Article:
Growing up in a Chabad community, I’ve been attending Farbrengens since I was a child. For my non-Chassidic readers: a Farbrengen (from the Yiddish meaning “joyous gathering”) is a gathering focused on Hasidic stories and melodies, with food and refreshments being served. Throughout my life, I have attended “Farbys” to catch-up with friends, drink and have a good time. As someone who struggles with sitting still and listening even when it’s mandatory, I have not always gotten the most out of these events. Last month’s Farbrengen, for the Chassidic holiday of Yud-Tes Kislev, was an exception.
The speaker was the Chabad Rabbi of Istanbul, Turkey. With the current geo-political situation between Russia and Turkey and the connection to the Chassidic holiday of Yud-Tes Kislev*, I put down my phone and tuned in to the Rabbi’s talk, looking for inspiration in life or business. After discussing the history we were there to celebrate, the Rabbi told a story that gave me the inspiration I was looking for. Here is the story:
There was once a Rebbe who had a Chosid (disciple) ask him for a blessing for livelihood. A short-while later, after this disciple began showing signs of financial success, a neighbor approached the Rebbe to ask him for a blessing for wealth. The Rebbe replied that he didn’t give blessings for physical things; he only gave blessings for spiritual things. To which the neighbor replied, you just gave my neighbor a blessing for wealth and he is doing so well.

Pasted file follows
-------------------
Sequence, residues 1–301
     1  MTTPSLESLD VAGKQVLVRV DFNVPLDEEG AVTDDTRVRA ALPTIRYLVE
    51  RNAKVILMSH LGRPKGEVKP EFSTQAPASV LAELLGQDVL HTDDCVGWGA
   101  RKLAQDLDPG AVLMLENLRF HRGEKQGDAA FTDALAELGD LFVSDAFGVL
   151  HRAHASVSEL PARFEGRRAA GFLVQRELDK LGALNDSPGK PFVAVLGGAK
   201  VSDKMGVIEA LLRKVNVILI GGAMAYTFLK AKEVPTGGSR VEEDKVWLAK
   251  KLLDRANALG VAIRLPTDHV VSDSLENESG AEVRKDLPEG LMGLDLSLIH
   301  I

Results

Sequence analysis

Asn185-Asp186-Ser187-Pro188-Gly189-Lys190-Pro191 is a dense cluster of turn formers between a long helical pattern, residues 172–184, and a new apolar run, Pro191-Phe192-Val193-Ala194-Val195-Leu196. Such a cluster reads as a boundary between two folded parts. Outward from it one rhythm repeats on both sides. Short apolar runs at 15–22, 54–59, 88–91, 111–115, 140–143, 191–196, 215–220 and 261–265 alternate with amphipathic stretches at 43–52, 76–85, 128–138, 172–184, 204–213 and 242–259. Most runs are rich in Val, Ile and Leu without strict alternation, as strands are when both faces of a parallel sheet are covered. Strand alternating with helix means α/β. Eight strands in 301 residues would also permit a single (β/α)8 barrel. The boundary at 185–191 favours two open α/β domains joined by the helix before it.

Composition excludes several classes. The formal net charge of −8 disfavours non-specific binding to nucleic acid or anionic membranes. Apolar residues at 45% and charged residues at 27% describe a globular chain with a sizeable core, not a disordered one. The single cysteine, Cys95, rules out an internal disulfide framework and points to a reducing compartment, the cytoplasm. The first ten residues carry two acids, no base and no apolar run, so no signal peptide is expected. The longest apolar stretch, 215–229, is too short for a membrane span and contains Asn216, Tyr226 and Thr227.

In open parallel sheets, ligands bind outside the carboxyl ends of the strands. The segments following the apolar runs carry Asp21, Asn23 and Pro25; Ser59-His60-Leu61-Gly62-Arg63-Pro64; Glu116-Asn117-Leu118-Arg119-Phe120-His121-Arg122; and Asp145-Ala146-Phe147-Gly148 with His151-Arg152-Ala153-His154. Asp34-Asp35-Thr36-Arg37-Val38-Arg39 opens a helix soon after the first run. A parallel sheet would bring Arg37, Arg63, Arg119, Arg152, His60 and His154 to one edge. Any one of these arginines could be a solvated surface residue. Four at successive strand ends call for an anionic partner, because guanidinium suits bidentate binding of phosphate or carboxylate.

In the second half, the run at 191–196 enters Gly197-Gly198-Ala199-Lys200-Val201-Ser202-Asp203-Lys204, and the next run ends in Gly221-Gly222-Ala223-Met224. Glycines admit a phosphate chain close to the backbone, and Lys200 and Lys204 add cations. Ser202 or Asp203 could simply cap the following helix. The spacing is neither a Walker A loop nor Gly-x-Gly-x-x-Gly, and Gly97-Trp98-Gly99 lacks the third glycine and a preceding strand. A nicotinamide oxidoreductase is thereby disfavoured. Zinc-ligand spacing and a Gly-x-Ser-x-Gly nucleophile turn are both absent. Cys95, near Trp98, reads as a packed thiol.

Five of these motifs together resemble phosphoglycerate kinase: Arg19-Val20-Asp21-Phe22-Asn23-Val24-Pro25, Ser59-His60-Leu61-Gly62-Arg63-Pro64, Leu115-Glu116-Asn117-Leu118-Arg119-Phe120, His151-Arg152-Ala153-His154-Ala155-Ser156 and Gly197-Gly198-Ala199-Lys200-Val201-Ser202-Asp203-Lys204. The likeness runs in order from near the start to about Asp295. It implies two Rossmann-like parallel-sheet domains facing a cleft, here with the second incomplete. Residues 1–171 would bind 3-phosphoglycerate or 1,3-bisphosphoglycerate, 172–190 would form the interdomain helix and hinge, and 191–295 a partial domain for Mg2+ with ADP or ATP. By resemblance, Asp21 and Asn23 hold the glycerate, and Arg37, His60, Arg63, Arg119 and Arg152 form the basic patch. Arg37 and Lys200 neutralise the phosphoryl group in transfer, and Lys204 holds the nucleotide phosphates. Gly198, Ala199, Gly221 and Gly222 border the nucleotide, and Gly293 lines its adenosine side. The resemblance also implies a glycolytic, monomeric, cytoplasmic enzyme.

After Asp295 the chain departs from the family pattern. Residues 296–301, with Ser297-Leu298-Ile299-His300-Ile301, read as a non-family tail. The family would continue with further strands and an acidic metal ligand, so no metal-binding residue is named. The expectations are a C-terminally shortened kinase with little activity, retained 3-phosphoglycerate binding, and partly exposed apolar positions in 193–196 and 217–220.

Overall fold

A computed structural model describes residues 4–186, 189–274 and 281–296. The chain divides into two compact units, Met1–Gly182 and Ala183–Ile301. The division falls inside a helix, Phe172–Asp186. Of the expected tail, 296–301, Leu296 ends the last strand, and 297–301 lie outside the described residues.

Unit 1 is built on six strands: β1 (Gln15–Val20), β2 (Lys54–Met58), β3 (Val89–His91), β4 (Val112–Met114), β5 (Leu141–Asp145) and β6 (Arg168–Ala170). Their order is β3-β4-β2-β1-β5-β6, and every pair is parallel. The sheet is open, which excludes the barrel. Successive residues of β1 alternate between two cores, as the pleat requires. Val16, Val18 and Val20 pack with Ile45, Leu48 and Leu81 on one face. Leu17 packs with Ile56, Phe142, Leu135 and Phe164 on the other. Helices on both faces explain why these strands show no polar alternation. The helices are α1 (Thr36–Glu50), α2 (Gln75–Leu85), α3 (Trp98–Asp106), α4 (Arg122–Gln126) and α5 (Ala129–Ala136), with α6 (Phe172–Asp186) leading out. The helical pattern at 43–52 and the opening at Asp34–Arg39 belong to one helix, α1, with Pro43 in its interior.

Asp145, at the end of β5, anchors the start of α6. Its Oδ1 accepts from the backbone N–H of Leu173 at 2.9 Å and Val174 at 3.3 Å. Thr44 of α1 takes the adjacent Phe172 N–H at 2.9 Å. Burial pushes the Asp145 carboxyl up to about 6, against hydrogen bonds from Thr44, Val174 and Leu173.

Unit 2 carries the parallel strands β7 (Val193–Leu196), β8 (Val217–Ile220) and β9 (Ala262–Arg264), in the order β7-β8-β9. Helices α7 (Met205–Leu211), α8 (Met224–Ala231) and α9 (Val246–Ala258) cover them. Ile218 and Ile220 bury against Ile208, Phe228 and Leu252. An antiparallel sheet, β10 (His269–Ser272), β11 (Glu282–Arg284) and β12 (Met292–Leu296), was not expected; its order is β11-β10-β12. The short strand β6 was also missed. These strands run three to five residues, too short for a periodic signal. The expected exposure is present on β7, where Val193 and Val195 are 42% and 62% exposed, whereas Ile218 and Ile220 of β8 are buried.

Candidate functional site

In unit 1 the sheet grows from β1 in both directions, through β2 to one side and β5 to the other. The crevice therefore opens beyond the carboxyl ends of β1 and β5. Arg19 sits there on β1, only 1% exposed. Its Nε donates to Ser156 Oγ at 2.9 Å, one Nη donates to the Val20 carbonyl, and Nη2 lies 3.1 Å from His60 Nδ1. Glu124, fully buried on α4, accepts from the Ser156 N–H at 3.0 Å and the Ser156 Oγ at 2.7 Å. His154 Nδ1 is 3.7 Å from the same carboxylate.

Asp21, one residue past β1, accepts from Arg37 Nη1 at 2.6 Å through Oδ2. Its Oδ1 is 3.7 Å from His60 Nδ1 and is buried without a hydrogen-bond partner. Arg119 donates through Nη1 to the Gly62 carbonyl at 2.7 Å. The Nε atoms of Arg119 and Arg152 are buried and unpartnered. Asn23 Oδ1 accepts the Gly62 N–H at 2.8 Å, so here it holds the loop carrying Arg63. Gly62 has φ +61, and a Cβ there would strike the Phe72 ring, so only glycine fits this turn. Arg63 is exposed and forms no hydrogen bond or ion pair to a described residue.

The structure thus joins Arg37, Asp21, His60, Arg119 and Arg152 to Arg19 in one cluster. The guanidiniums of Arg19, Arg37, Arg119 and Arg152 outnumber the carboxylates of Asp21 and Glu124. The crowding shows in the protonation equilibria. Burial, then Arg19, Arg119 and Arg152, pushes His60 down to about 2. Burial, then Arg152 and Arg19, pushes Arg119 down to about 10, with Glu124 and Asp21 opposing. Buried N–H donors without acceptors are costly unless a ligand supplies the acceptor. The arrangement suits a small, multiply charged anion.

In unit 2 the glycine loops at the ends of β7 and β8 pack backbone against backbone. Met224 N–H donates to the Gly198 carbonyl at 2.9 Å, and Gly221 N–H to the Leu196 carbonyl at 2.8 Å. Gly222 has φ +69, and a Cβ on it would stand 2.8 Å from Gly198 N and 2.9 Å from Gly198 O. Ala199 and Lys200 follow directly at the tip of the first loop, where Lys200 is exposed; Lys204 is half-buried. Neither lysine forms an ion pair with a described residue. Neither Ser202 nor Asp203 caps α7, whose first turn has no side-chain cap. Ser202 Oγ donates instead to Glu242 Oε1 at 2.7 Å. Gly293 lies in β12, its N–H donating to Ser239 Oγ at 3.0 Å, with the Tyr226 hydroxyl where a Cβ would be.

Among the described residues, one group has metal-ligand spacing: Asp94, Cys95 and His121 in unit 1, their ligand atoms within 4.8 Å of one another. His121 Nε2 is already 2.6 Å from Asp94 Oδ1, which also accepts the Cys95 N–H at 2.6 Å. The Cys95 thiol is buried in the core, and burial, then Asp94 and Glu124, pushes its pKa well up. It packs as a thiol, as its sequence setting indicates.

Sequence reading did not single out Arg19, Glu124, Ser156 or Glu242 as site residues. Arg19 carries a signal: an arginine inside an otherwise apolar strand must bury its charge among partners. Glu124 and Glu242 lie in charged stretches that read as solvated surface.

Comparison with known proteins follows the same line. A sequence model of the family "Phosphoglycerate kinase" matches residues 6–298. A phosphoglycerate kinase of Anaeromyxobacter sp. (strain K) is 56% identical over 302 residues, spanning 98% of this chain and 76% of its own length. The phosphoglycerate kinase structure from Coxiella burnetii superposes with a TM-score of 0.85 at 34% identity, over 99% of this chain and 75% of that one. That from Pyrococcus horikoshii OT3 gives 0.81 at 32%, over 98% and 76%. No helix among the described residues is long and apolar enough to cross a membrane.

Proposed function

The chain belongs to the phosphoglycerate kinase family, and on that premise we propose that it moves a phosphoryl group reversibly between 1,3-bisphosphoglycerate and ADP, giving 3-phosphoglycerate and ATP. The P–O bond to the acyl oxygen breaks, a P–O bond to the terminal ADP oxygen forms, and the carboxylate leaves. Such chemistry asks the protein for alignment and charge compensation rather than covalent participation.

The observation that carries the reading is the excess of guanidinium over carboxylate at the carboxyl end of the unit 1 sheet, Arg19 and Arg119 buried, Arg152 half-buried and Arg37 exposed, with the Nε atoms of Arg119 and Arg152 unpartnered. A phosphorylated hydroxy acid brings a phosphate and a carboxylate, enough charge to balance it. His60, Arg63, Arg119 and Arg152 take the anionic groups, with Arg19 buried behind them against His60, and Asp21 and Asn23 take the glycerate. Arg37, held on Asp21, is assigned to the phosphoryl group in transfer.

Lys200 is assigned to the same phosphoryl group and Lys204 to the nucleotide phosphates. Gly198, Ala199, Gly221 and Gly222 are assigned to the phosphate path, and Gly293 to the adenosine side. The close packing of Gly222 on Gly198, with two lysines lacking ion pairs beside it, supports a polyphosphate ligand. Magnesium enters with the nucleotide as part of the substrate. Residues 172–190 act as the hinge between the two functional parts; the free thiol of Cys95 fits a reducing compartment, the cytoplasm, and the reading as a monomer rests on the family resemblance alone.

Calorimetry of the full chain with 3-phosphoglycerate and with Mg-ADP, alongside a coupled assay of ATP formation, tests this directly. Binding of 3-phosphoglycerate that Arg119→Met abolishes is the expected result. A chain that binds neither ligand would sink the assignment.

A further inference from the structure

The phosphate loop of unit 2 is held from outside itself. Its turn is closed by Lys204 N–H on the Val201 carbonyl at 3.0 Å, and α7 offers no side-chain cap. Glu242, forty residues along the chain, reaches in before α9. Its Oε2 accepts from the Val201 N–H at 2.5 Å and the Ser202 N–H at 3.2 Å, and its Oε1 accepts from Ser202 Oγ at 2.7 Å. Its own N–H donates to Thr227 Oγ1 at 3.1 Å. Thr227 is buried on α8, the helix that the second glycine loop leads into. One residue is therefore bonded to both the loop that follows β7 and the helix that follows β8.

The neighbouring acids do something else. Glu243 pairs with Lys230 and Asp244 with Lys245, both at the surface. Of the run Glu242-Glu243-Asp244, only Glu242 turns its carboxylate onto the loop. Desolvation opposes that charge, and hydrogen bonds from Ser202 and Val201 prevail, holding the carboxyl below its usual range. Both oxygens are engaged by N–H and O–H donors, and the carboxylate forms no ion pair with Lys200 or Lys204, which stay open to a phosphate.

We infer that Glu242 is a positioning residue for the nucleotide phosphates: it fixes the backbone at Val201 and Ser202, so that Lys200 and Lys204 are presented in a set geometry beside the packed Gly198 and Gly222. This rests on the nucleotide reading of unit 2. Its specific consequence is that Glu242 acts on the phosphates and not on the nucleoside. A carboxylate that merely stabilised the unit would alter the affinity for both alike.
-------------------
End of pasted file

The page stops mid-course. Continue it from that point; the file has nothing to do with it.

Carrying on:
Oh, said the Rebbe. Let me tell you a story.
There was a town that held a merchant’s fair each year. Merchants from all over the world traveled to attend. One of those merchants specialized in stones purchased from a local seller in the town. One year a big storm made the roads so difficult to travel that you needed axel grease in order to prevent your horse and buggy from breaking down. With the thousands of people looking to leave town, grease was hard to come by, but the jewelry merchant went to his supplier and asked to buy some grease. Because the two had a relationship, the seller sold the jewelry merchant the grease and off he went. A short while later, another merchant who had heard about the sale showed up and asked to purchase some grease, to which the seller replied, I don’t sell grease, I sell diamonds.
You see said the Rabbi, I don’t give physical blessings, I give spiritual ones. Your neighbor has been a disciple of mine for many years. Every morning he comes in and learns with me. Every night we discuss the bible. He asks for spiritual blessings several times a year. Now this one time he needed a physical blessing so I gave it to him. You are like the merchant asking to buy grease from a diamond dealer.
As the story ended I had my life and business lesson right in front of me. Don’t reach out to people only when you need something. A large part of being a successful entrepreneur is building a great network. But building and especially maintaining a network is hard work. People are mostly well intentioned and willing to help you, but they want to feel appreciated, and most importantly they don’t want to feel like they are being used. Make sure you’re not reaching out to your network only when you need something—that’s the lesson I took from the Farbrengen.